2. The poor guy! Your narrative is pitch perfect, relaying what must have been a common scene in the 19th century. (I could imagine that one gum drop — haven’t had one in years.) At the beginning, I also thought the family was leaving him and I felt a mix of distrust of the narrator and a sympathy for him. But I was relieved to see that they were only leaving earlier.

    1. Did it seem overly manipulative to you, Meg? I was just trying to enforce that the family leaving did feel like an abandonment to the father in the moment. Even though it was of his and his wife’s design. I wasn’t trying to bait and switch.

  3. This is brilliant, Nate! I love the history, and the way you tell it. I could feel his loss and worry as he sat there, letter in hand, beside the tree.
    I also thought she was leaving him and taking the children with her, but I was happy to find at the end that that wasn’t the case. To answer your question above (sorry, I can’t help myself!) I think it depends on what kind of effect you want the story to have. If you’d like the reader to think that she is actually leaving him, but then to be relieved to find that’s not the case, then you may not need to change anything. Otherwise, you could explain about the necessary things he must do before he leaves. They do provide interesting information and a bit more context. You could also say in the last sentence “my OWN journey west.” That might hit somewhere in the middle.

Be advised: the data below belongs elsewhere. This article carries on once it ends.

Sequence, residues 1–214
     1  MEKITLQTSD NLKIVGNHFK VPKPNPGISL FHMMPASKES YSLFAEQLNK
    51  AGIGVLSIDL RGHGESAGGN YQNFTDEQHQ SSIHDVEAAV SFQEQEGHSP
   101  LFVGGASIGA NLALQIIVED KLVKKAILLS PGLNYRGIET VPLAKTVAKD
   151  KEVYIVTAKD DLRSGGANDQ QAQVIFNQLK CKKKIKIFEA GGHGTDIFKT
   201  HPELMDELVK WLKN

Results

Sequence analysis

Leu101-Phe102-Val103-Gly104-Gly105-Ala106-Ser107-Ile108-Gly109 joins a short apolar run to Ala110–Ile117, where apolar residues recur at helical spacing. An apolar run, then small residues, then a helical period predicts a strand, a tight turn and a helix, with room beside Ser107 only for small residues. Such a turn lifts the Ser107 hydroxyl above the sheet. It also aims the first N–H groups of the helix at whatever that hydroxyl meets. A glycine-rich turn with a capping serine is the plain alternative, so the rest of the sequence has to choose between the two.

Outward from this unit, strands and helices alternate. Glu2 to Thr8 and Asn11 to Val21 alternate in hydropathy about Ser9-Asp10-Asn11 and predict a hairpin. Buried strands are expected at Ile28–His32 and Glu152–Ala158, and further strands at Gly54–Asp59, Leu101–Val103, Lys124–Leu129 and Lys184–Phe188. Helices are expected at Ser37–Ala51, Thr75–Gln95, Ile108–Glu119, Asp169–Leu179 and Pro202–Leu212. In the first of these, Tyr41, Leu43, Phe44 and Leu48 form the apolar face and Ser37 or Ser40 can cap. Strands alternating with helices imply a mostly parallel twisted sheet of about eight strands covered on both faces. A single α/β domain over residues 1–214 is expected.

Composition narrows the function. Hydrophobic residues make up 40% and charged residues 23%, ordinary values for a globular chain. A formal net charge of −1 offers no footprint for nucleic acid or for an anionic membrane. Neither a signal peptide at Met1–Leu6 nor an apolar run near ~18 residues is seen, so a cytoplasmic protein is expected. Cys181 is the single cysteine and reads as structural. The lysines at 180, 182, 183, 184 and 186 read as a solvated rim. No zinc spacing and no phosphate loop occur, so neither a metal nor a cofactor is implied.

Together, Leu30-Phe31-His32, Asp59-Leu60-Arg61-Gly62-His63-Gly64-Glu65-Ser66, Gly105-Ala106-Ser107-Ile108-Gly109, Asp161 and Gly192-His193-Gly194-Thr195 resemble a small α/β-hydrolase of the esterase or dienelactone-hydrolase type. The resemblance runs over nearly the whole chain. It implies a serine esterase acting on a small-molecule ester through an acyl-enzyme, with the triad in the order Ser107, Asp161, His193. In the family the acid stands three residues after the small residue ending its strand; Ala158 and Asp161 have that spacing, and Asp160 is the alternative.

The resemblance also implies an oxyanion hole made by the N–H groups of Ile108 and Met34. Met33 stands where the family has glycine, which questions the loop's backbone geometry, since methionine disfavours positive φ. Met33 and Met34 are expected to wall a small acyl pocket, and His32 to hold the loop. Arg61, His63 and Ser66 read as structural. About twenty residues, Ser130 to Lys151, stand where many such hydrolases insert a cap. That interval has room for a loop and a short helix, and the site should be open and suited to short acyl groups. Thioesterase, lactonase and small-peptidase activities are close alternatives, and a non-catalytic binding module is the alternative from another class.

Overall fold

1. I’ve been working on my misdirection lately. So I intentionally wrote this to make it seem like she was leaving him because of marital problems to build tension and then resolve it with the idea that they’re just leaving him behind.

      Thanks for your input. I’m going to think about how I want this to go. It would be pretty easy to insert the fields and selling the house at the end, I think.

  4. Oh, Nate, I love this! The details make it all so real. From your tags it looks like it’s based on stories from your actual family research?

    1. I’m fascinated with homesteaders. Giving everything up to move somewhere else and start up all over again with only the hope that it will be better than what you have. They were so brave. I will google homesteader diaries in my free time just to read what it was like. So, yeah, this is a compilation of what I’ve researched in my family and what I’ve researched on-line. The list of families in my tags are the parts of my tree that I knew homesteaded.

    1. He needed to finish harvesting his fields and sell his property. And he had two adult sons to handle the journey. I had it in there and then edited it out. Do you think it’s necessary info?

      1. Not really in the sense that it came across that it must have been something really important to keep him back. You could tell his family meant the world to him. I was just busting with curiosity! The emotions were so powerful.

  5. James, you did this wonderfully! I began the piece thinking it was the wife leaving him, out of anger/betrayal. How well you turned it on its head. I am speechless. Such tender shoulders of William to bear all that responsibility. Beautiful work. Beautiful.